Medical school interviews start

At my medical school they have started interviewing for 2015 and there are lots of anxious looking sixth formers all waiting for their turn to go in. It is really weird to think that this time last year it was me nervously waiting for my interview and now I am almost at the end of my first term. I can remember feeling really scared as it was my first interview and it was an MMI which is really hard to prepare for. I thought it went really badly as I messed up a couple of the stations, but I still managed to get an offer so I can’t have done too badly.

If you’ve got an MMI coming up then read this article in The Guardian which has some tips from admissions tutors to help prepare for this type of interview and you can also find lots of advice for the day itself in this book. Just click on the orange words to go to the links. Good luck!

Surge in demand for medicine degrees

I read this article in The Telegraph the other day.

According to David Willetts, the Universities’ Minister, the level of competition among sixth formers for places to study medicine was so high that he was encouraging more people, particularly girls, to apply for other courses like engineering. This is because last year around 4,800 students with straight As at A-level failed to get in to British universities and of those the largest number, around 1,800, were those applying for medicine.

It is thought that there is an increasing interest for medicine because of the high tuition fees and the increasing pressure on students to secure well-paid jobs in the future.

His comments were attacked by head teachers of private schools who warned that ‘the NHS was failing to fund enough places on medical courses despite repeated complaints over a shortage of highly-trained doctors.’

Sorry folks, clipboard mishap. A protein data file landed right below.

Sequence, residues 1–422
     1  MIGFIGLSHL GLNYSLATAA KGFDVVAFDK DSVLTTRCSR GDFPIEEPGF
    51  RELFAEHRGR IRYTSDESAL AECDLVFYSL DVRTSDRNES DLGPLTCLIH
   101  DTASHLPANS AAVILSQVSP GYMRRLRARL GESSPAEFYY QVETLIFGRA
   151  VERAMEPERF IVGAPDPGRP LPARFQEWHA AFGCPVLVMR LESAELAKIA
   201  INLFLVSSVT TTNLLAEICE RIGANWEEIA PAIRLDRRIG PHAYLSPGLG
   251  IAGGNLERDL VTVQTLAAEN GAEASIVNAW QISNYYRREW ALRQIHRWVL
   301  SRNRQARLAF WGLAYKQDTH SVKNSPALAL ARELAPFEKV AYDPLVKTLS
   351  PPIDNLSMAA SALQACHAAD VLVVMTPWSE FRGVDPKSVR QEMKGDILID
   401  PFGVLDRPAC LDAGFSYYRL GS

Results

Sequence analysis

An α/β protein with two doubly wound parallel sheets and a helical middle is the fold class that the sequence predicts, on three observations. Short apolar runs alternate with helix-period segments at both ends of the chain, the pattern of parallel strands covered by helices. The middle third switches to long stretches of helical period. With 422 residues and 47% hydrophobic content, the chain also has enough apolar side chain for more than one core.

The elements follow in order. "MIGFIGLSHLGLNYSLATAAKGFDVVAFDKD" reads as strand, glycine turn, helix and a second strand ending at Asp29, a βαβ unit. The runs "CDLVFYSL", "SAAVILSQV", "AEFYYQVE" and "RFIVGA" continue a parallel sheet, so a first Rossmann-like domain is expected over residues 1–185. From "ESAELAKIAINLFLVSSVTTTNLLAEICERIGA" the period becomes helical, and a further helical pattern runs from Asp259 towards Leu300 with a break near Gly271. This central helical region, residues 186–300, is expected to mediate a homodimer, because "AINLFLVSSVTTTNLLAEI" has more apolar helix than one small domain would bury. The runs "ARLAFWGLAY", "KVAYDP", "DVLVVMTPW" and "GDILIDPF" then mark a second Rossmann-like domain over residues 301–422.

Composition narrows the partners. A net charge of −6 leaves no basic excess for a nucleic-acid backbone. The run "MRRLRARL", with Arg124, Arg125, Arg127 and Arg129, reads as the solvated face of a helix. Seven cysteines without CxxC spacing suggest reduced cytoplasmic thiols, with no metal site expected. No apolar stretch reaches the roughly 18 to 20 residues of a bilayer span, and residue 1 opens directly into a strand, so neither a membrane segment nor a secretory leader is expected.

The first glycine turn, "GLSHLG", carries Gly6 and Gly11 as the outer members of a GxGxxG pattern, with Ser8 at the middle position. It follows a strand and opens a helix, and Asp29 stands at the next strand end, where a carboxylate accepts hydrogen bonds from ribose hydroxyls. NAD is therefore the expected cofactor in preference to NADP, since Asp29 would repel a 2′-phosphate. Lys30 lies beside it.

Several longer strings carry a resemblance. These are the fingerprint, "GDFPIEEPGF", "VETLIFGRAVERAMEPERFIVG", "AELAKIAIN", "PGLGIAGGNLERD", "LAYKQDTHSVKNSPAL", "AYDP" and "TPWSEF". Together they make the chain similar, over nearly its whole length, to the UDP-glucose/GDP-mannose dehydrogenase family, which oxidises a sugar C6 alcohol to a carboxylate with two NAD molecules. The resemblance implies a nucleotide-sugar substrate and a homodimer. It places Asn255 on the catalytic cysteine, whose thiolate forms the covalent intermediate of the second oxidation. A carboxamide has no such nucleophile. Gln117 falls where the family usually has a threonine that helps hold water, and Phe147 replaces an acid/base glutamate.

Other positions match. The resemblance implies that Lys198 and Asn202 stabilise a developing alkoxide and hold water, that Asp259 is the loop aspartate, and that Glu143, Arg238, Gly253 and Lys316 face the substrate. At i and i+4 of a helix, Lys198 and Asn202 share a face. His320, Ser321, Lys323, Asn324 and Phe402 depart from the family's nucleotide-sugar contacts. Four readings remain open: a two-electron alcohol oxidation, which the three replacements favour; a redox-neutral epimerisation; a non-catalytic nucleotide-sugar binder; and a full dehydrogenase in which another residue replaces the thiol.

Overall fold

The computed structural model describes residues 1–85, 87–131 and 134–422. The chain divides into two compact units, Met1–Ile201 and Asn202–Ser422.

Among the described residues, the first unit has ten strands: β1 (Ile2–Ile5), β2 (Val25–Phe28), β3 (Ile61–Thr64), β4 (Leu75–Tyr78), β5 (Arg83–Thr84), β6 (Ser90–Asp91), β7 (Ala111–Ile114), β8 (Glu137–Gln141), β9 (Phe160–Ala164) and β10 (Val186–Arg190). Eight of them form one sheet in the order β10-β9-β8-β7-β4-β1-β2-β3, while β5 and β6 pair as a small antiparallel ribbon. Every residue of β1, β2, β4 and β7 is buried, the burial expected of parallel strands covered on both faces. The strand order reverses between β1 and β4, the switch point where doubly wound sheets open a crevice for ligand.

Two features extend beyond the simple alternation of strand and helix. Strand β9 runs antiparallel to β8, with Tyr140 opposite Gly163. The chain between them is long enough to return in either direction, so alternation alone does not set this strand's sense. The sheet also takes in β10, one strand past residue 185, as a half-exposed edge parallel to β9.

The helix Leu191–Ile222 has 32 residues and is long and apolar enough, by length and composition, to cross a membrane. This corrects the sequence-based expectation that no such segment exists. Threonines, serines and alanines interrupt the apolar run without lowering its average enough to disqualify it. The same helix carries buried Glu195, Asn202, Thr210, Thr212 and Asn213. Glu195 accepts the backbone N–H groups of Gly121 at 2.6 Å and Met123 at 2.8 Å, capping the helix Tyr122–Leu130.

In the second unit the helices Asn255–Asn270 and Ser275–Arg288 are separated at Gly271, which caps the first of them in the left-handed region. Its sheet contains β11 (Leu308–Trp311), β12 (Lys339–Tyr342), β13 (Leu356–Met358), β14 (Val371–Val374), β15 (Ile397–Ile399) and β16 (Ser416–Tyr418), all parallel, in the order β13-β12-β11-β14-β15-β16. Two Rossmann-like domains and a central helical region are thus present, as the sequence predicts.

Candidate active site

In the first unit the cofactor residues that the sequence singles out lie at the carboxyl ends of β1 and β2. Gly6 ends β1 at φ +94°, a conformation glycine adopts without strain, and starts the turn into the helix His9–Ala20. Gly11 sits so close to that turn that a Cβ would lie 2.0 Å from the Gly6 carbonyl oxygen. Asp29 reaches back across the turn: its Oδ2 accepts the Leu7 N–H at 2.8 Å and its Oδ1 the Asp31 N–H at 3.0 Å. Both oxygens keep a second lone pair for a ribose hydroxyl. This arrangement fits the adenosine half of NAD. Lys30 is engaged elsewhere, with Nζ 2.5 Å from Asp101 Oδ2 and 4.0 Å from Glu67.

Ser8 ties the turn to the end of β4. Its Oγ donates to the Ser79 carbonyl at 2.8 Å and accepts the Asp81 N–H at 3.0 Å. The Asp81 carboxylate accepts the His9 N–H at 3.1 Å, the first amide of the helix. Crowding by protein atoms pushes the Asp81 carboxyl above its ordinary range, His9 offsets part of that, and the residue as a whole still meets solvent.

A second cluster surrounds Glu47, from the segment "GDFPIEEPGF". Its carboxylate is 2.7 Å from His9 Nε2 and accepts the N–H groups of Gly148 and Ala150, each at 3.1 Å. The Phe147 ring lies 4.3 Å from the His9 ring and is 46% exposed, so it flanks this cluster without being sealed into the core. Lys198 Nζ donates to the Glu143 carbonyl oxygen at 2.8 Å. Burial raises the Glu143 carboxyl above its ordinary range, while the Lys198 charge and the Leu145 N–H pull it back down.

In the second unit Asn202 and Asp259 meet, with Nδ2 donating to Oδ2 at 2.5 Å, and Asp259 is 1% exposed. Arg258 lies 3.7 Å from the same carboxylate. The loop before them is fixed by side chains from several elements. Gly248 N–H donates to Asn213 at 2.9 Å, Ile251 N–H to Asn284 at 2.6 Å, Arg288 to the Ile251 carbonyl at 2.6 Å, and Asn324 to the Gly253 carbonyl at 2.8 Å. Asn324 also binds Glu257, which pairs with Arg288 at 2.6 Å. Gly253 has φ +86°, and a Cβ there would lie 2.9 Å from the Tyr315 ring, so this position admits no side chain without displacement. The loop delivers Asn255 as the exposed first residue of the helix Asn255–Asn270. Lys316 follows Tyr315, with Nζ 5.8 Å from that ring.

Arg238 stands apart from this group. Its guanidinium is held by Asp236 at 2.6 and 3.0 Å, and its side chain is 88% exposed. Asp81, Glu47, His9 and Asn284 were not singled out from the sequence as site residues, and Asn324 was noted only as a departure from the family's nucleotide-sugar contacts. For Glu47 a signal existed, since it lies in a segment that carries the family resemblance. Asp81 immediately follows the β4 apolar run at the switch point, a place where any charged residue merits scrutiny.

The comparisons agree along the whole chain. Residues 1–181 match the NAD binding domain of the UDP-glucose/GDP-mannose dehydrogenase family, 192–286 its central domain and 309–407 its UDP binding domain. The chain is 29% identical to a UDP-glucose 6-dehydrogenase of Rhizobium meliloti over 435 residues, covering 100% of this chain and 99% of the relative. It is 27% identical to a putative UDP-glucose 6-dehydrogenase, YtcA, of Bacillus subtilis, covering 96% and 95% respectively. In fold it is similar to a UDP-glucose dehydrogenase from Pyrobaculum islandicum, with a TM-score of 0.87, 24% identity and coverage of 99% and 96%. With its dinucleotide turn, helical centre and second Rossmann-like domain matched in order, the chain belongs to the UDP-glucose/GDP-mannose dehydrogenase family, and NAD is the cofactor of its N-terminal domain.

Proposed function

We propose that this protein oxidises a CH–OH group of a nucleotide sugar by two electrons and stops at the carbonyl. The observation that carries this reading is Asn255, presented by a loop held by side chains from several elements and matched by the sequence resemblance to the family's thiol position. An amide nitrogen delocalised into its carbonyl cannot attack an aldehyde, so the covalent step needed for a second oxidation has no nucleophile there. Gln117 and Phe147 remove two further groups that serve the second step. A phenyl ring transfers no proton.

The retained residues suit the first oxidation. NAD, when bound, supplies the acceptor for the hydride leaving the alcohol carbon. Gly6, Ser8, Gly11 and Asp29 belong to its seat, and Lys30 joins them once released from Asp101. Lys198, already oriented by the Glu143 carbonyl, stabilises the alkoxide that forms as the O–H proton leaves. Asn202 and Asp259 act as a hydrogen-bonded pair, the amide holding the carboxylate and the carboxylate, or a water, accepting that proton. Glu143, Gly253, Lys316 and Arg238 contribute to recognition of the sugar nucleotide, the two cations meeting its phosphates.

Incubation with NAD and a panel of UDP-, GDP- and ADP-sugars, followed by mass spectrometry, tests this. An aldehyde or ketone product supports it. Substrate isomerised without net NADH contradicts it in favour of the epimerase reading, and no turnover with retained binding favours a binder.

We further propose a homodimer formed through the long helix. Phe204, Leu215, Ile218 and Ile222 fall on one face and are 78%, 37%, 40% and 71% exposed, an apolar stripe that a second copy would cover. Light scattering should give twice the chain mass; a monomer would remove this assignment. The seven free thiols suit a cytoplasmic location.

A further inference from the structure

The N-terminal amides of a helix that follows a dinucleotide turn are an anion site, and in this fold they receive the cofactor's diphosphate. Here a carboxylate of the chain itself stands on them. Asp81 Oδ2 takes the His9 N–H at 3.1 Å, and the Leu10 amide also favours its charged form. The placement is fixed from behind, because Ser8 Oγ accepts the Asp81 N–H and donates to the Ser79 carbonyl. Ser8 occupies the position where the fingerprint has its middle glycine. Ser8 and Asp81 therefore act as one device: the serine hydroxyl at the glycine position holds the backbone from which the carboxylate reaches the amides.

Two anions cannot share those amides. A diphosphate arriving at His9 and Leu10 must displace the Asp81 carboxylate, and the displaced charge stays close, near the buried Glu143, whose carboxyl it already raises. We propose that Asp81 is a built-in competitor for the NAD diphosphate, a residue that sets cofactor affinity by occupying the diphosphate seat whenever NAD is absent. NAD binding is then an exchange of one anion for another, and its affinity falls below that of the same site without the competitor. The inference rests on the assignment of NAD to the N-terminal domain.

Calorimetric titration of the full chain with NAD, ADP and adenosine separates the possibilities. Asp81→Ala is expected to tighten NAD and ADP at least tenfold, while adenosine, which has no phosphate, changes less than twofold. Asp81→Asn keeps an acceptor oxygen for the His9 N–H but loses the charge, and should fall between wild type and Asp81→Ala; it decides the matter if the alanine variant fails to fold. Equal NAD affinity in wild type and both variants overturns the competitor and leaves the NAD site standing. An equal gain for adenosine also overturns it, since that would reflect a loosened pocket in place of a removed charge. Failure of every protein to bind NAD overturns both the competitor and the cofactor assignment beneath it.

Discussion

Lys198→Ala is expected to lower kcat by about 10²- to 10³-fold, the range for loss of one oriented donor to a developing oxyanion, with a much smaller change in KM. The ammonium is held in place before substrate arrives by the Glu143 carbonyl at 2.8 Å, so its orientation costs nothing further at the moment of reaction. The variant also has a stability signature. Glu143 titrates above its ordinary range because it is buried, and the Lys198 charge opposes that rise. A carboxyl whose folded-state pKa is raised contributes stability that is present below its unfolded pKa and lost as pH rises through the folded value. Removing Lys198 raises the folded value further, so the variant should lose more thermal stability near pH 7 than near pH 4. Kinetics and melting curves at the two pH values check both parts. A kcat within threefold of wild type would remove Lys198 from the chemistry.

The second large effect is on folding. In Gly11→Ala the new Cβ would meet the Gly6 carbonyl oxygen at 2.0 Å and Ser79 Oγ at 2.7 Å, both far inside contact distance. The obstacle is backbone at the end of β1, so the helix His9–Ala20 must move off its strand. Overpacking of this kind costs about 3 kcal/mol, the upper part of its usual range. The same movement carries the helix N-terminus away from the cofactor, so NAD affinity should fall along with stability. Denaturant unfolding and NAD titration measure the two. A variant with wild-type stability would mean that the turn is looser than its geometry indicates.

I was one of the lucky ones and am now studying medicine at university, but it was not easy and if you want advice on how to improve your chances of getting a place, click on the link below and have a look at this great new book, Get Into UK Medical School 2015, for sale on Amazon now.

 

Booking Open Days

This is the time of year to start thinking about university Open Days which usually start in June and go on until September or October. Most universities have already started to take bookings for Open days in June, so it is worth going to their websites and registering now for particular sessions, so you don’t miss out. You not only get to look round the university, accommodation and campus, but you can go to talks about the admissions process which are really useful and give you the facts about which GCSEs and A levels are required, and cut-off points for the UKCAT and BMAT tests.

I found it really useful last year and looked around 5 or 6 universities, so it was easier to narrow down my choice to my top 4 when I filled in my application in September.   image from http://www.southampton.ac.uk/studentadmin/appeals/images_appeals/DSCF1453-0.jpg Below are links to some of the Open Days. If you want to find out more, click on the name of the university to link to their Open Day page.

Sheffield

Birmingham

Manchester

Liverpool

UCL

Nottingham

Southampton

Cardiff

Bristol

Newcastle

If you want to find out more tips about Open Days and the application process, then click on the orange words to have a look at this new book available to buy on Amazon Kindle now.

image from http://www.exeter.ac.uk/media/universityofexeter/cornwall/homepagesplashimages/cornwall3students.jpg

Personal Statement Helper

I found a really good site to help you work out how much to write for your personal statement here. Just paste in your draft personal statement and it will work out the number of characters you’ve used, lines used etc. in the same way that the UCAS form does.

This is what it says:

‘This tool allows you to see how your personal statement will appear to UCAS. It allows you to see changes in real time. It uses UCAS’s method of counting lines (94 characters max per line), and tells you when you’ve gone either the character or line count. It also tells you how frequently you’ve used words.

What’s the point?
– No need to login to UCAS
– Get statistics about your statement
– Instantly see abbreviated forms of words
– Highlight repeated words
– See how small changes affect your line and character count in real time, unlike on UCAS’s online form.
– Generate a word cloud and share with friends!’

So you want to be a doctor?

image from http://cache0.bdcdn.net/assets/images/book/medium/9780/1995/9780199573325.jpg
Today I got the book ‘So you want to be a doctor?’ It looks like a really interesting and useful book, with lots of information about the process of getting into medical school. It talks about: how much medical school costs; what work experience is best, and how to get it; completing the UCAS form; surviving the UKCAT and BMAT admission tests and getting through the interview. It’s all laid out nicely and looks easy to read! I’ll let you know what it’s like…